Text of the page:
Do you feel like you go through life white-knuckling it? A quick perusal on Facebook tells me anxiety is a major problem. As I was reading Davalyn Spencer’s post below, and the adventures and views she encountered, I wondered how often I’ve missed out on the beauty of the journey due to worry and fear.
As an added bonus, Davalyn’s giving away a free copy of her novella, Columbia Bride! (Read about the book at the end of today’s post) The winner will be randomly selected form comments left on this blog post. Please note, the contest is open to readers in the continental US only.
My Winding Roads and Toddlers by Davalyn Spencer
When my rodeo bullfighter husband and I set out on the road years ago with our dreams and children, we quickly acquired the skill of traveling light, fast, and focused. I loved it. No suitcases and always at home in our camper. Only the view outside our windows changed.
But the roads—they were another matter. Particularly when we veered off the predominant path.
One breathtaking drive took us through southeastern Washington down into the northeast corner of Oregon to the Chief Joseph Days Rodeo in Joseph, Oregon, land of the Nez Perce. I acquired one of my most important lessons in map reading on that trip: two squiggly lines on either side of a river means go the other way. But by the time I figured that out, there was no turning back.
Home was an 11.5-foot camper, extended-cab pickup, and horse trailer. In those pre-seat belt days, we fitted the back-seat space with a covered, padded board so our toddler, Jake, could sleep and ride and play in comfort.
Rolling wheat fields escorted us across the Washington state line until we began our descent toward the Grande Ronde River
on what the locals called Rattlesnake Grade.
Why were we not put off by the name?
Our “shortcut” to Joseph took an extra hour in our rig, maneuvering the narrow, sort-of-two-lane road that switch-backed down to the river and up the canyon on the other side.
As we rode that grade with all of our livelihood and our precious child, prayer became more important to me than breathing. I’d cringe as oncoming logging trucks whipped down the snaking road, passing us with inches to spare. Or I’d look over the rail-less edge, drinking in the terror of what could happen with one wrong turn.
My husband white-knuckled the steering wheel, his focus shifting between the engine light, the side mirrors, and oncoming trucks. But our son leaned over our seat back and laid his little head on his daddy’s shoulder, cool as a glass of summer lemonade. The sight was a direct message from God to me.
Jake was completely unaware of the razor’s edge we were riding. His daddy was in charge, and he was just fine with that. He didn’t even look out the side windows, but kept his eyes on the view through the windshield. In his childish innocence, he demonstrated the kind of confidence I needed to have in my Heavenly Father.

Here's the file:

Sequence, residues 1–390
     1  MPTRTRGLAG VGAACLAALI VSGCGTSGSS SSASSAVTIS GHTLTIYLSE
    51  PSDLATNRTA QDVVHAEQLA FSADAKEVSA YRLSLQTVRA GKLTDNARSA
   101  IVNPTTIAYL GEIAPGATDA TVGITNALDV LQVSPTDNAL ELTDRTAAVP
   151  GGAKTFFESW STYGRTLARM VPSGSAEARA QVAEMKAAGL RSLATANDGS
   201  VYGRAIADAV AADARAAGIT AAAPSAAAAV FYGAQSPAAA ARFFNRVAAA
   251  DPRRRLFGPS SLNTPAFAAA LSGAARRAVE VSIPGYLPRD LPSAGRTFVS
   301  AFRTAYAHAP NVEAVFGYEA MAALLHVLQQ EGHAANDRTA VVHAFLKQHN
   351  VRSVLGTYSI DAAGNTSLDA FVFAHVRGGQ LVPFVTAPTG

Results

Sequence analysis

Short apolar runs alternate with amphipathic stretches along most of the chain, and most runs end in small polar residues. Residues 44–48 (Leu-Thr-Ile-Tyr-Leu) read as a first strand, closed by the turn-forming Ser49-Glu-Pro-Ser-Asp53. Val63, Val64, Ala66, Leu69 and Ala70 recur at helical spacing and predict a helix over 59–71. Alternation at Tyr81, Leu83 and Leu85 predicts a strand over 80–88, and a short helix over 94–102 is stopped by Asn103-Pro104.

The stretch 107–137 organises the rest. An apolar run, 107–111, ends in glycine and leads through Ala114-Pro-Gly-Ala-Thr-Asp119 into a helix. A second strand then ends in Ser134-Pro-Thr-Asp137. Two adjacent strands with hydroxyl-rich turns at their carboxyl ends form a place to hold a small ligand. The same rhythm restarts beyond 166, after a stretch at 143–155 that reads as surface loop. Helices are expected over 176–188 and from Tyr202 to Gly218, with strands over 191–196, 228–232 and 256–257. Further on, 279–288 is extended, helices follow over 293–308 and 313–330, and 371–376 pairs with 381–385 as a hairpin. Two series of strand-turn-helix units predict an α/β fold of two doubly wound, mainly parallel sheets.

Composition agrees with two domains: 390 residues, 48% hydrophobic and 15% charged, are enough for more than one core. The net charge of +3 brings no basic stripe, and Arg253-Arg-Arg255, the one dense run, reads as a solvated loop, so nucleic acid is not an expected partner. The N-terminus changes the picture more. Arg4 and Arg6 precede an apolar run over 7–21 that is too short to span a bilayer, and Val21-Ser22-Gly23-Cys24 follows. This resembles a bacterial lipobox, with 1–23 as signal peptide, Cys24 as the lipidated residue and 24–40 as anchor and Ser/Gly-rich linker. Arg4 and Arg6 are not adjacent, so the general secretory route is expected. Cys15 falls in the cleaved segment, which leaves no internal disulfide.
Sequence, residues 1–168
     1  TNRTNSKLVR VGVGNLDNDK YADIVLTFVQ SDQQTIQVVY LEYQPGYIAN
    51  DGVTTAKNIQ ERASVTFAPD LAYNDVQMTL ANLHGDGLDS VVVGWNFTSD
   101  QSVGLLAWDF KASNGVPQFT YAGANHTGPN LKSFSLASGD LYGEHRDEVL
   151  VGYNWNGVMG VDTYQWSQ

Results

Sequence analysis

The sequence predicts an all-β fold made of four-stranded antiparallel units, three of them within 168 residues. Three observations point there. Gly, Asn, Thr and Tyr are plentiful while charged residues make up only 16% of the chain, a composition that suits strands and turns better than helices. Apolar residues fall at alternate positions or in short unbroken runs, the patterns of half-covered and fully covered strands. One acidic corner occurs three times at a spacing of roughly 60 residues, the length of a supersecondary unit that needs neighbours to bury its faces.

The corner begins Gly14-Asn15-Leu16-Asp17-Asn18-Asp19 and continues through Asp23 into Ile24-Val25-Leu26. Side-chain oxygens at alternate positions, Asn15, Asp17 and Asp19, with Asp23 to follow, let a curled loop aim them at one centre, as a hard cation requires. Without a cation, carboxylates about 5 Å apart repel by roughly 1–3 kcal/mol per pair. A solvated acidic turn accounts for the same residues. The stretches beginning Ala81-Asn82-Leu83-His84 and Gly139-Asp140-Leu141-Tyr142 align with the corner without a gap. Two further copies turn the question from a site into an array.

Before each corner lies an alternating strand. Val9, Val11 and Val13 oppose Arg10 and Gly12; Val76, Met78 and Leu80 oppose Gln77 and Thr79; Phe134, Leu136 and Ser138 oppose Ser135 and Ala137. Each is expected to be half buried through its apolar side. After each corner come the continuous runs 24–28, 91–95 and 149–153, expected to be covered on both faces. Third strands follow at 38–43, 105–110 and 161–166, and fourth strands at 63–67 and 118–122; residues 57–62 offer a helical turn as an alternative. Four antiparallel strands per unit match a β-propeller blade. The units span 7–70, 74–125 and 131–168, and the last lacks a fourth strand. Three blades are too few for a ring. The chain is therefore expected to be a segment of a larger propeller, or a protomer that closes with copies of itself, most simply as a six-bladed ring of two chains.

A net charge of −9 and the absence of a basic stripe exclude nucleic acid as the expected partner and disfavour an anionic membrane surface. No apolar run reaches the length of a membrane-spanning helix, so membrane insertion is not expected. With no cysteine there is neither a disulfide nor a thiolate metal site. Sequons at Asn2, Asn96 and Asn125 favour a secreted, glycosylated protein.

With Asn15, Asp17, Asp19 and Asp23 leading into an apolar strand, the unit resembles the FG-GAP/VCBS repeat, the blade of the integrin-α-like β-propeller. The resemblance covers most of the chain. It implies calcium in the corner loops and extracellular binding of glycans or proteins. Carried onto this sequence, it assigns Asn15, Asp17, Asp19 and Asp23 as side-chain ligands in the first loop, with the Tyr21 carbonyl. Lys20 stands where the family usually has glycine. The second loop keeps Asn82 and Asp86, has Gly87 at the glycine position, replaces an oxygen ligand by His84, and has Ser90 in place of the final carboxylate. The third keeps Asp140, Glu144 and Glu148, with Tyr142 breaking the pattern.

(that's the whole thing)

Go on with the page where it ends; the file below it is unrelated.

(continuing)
We made it safely to Joseph, had a great rodeo, and took the longer but quicker way out of the area through Pendleton. Map-reading lesson learned.
Several times since that trip, life has kinked up with curves, steep pulls, and passing concerns that threaten to push me over the edge. But things have always worked out when I rested in the Lord’s care and let Him sit behind the wheel.
We would do well to remember that Dad’s got it under control. He doesn’t need us grabbing the steering wheel, especially on the steep grades. If we let God be God, He’ll get us safely through. He’s faithful and oh so worthy of our confidence.
Trust in the Lord with all your heart and lean not on your own understanding” (Proverbs 3:5, NIV).
Novella in Old West Summer Brides: The Columbine Bride:
Lucy Powell is on a path not of her choosing: widowhood. But she’s determined she doesn’t need anyone’s help to get her neglected ranch back in order and running right—especially the neighboring rancher who keeps showing up at the end of her shotgun. Buck Reiter can’t leave Lucy and her two young’uns alone. It’s just not in him to sit by and watch while someone struggles. But he ends up as the struggler, searching for a way to let Lucy know there’s a whole lot more going on in his heart than just neighborly attention.
But it HERE.
Wife and mother of professional rodeo bullfighters, author Davalynn Spencer began her writing journey in the national rodeo market and as a newspaper journalist, winning awards in both arenas. Today she continues to win acclaim with her inspirational western romance, finaling for the 2015 Will Rogers Medallion, placing second in the 2014 Inspirational Reader’s Choice Awards, and finaling for the Selah Award and the Holt Medallion. Davalynn teaches writing at Pueblo Community College. She and her handsome cowboy make their home on Colorado’s Front Range with a Queensland heeler named Blue. Connect with Davalynn online at www.davalynnspencer.com and www.Facebook.com/AuthorDavalynnSpencer.com.
Let’s talk about this! Can you share a time, like Davalynn did, when you were consumed with worry but God reassured you with a truth, object lesson, or perhaps an unexpected surge of peace? What do you do when you feel anxious? What helps you find peace when life gets crazy? Share your thoughts with us here in the comments below or at Living by Grace on Facebook.
Before you go, I wanted to invite you to be part of my Street Team!
- Tell your friends, family, co-workers, the random strangers you meet on the street, about the book. (Assuming you like it, of course!) You can do this by:
- Posting reviews on Amazon, Goodreads, Barnesandnoble.com, etc.
- Sharing links (and links to reviews) on Facebook and Twitter
- Sending invites to friends and family for an author’s events
- Inviting friends over for chocolate and Skype with an author parties
- Attaching post-it notes to random vehicles with the phrase, “Please read this book:–” Um… on second thought, don’t do that one, please. I’d hate to scare people.